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Oxford Handbook of Cancer Nursing

Sunday, 19 November 2017

7 Day Health Service
A great ideal
Can the Government make it work?

Editors: Mike Tadman, Dave Roberts

This is a timely publication given that treatment for cancer is steadily advancing, with an increase in the number of people surviving cancer and treatment regimes frequently becoming more complex.  These advances present new challenges for nurses in the management of complex treatment-related symptoms, as well as supporting patients and their families with both difficult treatment choices and longer-term survivorship issues.

This book is essentially a handy, pocket-size guide for nurses, or other healthcare professionals, providing care for people with cancer along the cancer journey.

The introductory section of the book provides a helpful outline on the essences of cancer care practice within the current UK Government healthcare policy.  This highlights the realistic pressures that nursing workforces embrace today, outlining some of the evolving roles for nurses as they manage patients with cancer. 

This book provides an evidence-based and practical approach to a broad spectrum of issues relating to cancer nursing.  For example, it addresses treatment-related issues, cancer prevention and screening, as well as covering issues related to end-of-life care.  This book also provides the reader with some information on clinical trials and nurses’ responsibilities in this area of practice. 

I was pleased to find a section on ‘The personal experience of cancer’, which was couched with transcripts from patients.  This book outlined the many advantages but also the limitations of such material.  Furthermore, this text clearly acknowledged that the person with a cancer diagnosis should not be viewed in isolation but within a social context, with potential changes in roles within the family.  Other social challenges are identified, such as reduced finances and an awareness of the need for young children to be supported when a parent has cancer.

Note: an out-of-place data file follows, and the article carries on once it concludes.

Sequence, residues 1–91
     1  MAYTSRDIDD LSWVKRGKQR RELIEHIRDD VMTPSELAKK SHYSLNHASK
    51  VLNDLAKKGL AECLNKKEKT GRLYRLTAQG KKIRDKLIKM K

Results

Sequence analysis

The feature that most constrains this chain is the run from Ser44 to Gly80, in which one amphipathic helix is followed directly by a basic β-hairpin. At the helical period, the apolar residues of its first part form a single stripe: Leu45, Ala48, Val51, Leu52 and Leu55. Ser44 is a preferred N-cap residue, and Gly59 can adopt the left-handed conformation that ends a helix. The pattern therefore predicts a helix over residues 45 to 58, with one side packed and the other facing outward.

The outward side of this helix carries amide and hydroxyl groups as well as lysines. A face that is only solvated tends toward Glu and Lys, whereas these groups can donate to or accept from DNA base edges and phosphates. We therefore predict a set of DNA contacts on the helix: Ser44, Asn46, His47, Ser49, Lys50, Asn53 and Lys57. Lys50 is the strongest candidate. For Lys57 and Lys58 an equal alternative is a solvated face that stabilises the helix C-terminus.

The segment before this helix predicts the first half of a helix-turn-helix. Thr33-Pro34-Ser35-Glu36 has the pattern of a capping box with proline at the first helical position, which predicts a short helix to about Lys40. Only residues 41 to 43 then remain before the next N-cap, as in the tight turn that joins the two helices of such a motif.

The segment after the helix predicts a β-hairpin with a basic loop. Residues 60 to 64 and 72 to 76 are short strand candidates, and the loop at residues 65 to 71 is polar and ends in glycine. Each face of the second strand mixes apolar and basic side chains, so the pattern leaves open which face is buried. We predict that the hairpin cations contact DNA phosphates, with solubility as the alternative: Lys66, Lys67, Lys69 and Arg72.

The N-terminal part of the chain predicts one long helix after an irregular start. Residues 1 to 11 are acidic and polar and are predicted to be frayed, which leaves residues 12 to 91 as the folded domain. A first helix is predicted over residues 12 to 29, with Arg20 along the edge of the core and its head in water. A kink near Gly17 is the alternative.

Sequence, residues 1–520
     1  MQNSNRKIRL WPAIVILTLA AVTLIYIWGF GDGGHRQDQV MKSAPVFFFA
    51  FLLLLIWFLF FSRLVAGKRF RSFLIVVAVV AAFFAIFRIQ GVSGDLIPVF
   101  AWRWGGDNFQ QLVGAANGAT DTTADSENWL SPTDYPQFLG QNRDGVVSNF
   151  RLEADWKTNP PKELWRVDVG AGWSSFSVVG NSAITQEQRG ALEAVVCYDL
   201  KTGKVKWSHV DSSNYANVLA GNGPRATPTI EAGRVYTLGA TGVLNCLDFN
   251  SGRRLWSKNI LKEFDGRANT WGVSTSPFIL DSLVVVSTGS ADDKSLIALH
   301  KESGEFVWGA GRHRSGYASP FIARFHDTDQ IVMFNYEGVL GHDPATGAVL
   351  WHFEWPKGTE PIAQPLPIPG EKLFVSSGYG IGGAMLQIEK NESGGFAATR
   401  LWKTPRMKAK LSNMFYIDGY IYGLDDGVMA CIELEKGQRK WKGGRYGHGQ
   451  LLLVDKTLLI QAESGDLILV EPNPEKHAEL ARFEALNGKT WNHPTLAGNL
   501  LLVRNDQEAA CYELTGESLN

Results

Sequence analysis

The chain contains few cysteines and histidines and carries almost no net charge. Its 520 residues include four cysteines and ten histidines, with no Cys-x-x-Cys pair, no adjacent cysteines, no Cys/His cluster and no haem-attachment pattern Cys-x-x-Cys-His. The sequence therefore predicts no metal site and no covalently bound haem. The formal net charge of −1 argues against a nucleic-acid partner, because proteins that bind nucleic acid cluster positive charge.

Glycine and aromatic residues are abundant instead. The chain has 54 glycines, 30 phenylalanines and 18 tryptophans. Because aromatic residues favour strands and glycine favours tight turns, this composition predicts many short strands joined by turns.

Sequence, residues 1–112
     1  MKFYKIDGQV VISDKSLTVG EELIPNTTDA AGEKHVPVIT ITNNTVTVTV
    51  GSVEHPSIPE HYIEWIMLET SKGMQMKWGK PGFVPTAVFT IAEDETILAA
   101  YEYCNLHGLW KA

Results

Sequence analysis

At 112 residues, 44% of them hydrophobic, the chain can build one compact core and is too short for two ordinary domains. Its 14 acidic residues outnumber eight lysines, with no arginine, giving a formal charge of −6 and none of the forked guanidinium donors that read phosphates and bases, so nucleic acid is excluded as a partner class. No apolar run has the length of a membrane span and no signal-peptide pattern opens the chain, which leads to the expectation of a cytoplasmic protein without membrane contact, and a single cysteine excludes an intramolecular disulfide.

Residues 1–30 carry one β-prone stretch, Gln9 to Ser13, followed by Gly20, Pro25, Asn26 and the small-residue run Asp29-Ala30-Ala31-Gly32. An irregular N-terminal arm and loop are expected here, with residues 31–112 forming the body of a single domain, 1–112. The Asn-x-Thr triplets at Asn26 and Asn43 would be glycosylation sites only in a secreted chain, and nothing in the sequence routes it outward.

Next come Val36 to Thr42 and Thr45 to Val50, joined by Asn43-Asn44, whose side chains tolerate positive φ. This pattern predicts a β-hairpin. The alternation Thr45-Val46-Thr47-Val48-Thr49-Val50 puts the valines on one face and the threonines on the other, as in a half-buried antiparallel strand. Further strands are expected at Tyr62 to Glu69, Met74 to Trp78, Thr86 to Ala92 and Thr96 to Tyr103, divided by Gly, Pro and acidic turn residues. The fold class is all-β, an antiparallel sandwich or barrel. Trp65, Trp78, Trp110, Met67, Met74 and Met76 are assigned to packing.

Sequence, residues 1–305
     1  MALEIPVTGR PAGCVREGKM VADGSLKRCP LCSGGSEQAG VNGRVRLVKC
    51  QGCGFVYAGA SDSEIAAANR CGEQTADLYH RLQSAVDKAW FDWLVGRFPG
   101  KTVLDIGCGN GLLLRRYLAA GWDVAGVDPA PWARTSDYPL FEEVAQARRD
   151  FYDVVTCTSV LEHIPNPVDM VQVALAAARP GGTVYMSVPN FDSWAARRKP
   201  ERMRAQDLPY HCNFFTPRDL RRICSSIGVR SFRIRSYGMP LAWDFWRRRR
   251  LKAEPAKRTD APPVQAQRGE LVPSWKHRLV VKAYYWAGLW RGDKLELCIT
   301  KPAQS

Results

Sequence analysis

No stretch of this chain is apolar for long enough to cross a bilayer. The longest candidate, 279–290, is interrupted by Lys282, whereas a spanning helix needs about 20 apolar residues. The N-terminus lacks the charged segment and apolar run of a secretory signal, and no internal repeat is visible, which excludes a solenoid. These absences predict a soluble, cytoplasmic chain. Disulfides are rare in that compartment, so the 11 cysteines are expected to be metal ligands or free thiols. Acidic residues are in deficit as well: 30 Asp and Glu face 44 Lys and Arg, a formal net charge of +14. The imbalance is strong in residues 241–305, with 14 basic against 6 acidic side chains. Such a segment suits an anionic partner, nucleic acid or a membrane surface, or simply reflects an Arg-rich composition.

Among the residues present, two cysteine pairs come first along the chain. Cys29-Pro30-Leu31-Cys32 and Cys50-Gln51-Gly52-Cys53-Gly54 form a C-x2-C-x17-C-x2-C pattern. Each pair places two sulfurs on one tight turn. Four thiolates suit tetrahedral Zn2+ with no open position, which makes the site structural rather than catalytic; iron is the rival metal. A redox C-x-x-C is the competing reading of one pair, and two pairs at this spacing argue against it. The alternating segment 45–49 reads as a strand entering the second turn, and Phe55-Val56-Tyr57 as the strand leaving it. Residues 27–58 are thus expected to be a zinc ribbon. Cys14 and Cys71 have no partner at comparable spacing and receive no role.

Beyond the pertinent physiological and social aspects of cancer, the book included a solid psychological focus for managing a patient with cancer.   With the increased recognition that cancer fits under the umbrella term of ‘chronic illness’, there was a necessary section on ‘rehabilitation of the cancer patient’, albeit a short section, which highlighted the need for ongoing support with multi-professional input.

A fairly comprehensive list of major cancers were discussed in this book, but given that the text is a handbook, it merely provides an overview of the key aspects related to presentation, prognosis and treatment of each cancer.  As a result the treatments tended to focus on symptom-based management, therefore viewed from an illness perspective. Nevertheless, it covers a wide range of practice-based situations that nurses’ caring for patients with cancer may encounter.

This book should be viewed as a means of providing quick reference material applicable to nurses caring for patients with cancer in the UK, with helpful and mainly up-to-date references for additional reading.  The referenced material and linked resources are predominately UK based and therefore limits it usefulness to an international audience.

ISBN

ISBN-10: 0198569244
ISBN-13: 978-0198569244

Publisher

Oxford University Press; 1st edition (29 March 2007)

Paperback

677 pages

Reviewer

Dr Cherith Semple
Macmillan Clinical Nurse Specialist – Head and Neck Cancer

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